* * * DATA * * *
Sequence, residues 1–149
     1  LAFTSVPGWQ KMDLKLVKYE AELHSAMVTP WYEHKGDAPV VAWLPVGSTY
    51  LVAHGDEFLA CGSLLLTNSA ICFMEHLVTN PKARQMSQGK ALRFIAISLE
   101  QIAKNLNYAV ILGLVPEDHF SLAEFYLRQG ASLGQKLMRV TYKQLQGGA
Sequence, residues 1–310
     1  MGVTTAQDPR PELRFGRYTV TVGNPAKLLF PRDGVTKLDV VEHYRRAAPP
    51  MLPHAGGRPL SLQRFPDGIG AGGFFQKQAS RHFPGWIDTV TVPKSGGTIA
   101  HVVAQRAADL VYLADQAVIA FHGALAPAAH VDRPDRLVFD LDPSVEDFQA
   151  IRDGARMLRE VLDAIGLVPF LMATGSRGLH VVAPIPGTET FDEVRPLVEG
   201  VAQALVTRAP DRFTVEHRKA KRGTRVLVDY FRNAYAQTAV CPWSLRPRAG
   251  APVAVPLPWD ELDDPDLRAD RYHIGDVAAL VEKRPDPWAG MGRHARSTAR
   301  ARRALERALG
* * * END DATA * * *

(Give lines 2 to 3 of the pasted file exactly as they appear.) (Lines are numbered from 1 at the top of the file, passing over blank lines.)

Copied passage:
     1  LAFTSVPGWQ KMDLKLVKYE AELHSAMVTP WYEHKGDAPV VAWLPVGSTY
    51  LVAHGDEFLA CGSLLLTNSA ICFMEHLVTN PKARQMSQGK ALRFIAISLE